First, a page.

informa
/
2 MIN READ
News

Tape Storage Sees The Second Light Of Day

High-capacity drives, integration, and compatibility cause managers to look again
Tape drives seem like yesterday's technology. But the ever-increasing amount of data flowing through companies' IT systems, combined with the growing importance of backup, recovery, and business continuity, has many business-technology managers taking another look at tape storage. What they see is a technology that continues to provide capacity, performance, and reliability at a very low cost.

Intense competition is making the technology even more attractive. Market leader Quantum Corp. this week will unveil two high-capacity tape drives and, by next summer, the ability to manage its high-end and low-end drives from the same interface. The new drives, which use Quantum's Super DLT format, are compatible with the vendor's DLT drives. The Super DLT 320 drive, starting around $4,000, can hold 160 Gbytes of data and deliver that data at 32 Mbytes per second; it ships this week. The Super DLT 600 drive, due in the summer, promises tighter integration with applications and servers because Quantum will create all the necessary interfaces and drivers itself. By summer of 2004, the vendor plans to ship drives that can transfer data at rates of more than 200 Mbytes per second. That's equivalent to the fastest Fibre Channel drives.

Jim Prevo, VP and CIO at Green Mountain Coffee, says the Super DLT 320 tape drive has let him consolidate his data storage and reduce management chores. Each night, Green Mountain backs up about 400 Gbytes of data from Microsoft, Oracle, and PeopleSoft applications, as well as the main file server. "I had to use four tape drives before," says Prevo. "I get the same performance on a single 320 drive now, so we have much less tape handling than we used to have."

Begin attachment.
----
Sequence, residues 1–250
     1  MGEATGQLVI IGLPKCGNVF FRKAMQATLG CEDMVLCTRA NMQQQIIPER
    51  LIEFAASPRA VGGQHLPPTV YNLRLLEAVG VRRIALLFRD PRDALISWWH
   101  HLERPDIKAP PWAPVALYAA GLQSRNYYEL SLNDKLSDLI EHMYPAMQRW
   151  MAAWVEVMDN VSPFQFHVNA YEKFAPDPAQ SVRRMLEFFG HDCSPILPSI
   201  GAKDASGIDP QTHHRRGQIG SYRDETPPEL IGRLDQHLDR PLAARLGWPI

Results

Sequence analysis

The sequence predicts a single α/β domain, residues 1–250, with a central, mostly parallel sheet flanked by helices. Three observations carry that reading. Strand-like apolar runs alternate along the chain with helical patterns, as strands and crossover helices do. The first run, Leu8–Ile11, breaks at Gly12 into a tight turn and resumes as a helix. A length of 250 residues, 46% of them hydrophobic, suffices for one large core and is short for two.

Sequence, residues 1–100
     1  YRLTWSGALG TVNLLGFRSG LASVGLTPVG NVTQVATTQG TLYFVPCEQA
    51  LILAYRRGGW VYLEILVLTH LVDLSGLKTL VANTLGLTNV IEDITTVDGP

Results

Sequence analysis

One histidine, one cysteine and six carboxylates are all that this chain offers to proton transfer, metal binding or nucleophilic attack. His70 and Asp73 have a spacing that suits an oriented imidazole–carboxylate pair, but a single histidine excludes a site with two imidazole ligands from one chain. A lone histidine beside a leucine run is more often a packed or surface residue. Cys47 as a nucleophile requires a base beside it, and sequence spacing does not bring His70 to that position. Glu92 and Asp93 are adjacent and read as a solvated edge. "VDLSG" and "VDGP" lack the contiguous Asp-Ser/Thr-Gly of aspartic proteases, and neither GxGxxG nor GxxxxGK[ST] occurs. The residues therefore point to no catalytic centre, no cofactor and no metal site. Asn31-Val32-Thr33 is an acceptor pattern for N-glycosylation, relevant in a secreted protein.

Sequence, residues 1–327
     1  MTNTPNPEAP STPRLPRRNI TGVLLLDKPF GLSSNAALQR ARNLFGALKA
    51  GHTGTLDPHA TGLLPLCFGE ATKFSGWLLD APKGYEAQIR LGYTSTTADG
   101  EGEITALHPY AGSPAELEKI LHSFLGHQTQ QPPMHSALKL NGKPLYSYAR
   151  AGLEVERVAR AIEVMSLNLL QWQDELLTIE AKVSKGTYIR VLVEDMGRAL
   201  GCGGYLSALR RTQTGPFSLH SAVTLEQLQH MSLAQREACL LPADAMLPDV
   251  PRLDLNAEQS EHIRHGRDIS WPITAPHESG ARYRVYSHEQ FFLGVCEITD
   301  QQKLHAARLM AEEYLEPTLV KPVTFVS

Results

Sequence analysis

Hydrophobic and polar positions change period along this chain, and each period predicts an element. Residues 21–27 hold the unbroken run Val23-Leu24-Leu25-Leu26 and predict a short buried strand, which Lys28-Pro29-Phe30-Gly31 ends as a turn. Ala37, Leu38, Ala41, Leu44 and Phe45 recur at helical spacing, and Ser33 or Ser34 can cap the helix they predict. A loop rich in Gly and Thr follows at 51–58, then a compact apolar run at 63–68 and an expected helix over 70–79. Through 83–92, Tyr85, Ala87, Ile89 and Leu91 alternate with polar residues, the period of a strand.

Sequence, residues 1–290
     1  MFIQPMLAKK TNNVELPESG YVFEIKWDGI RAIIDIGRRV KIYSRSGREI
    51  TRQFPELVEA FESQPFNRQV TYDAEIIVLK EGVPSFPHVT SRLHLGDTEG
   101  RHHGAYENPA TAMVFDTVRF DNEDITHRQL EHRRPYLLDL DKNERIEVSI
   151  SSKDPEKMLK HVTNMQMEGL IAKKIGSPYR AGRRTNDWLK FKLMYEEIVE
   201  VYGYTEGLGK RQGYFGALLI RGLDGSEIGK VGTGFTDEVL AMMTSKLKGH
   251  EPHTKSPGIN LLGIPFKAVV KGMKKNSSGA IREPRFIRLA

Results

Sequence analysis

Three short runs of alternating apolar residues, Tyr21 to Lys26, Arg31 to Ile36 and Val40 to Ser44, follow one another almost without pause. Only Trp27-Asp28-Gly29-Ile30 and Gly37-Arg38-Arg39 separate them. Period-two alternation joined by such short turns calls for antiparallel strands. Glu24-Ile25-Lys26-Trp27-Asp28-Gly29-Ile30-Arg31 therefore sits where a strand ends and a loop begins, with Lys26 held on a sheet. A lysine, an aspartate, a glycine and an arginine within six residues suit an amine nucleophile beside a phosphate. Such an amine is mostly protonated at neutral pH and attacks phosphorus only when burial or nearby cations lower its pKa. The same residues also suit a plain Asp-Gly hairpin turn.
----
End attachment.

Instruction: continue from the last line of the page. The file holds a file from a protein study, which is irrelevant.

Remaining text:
The new drives should prove popular because they're compatible with systems already in use, IDC analyst Robert Amatruda says. "Customers have already invested a lot in the data and the media," he says, "so it's critical to give customers access to it all from the new drives."

Editor's Choice
Samuel Greengard, Contributing Reporter
Cynthia Harvey, Freelance Journalist, InformationWeek
Carrie Pallardy, Contributing Reporter
John Edwards, Technology Journalist & Author
Astrid Gobardhan, Data Privacy Officer, VFS Global
Sara Peters, Editor-in-Chief, InformationWeek / Network Computing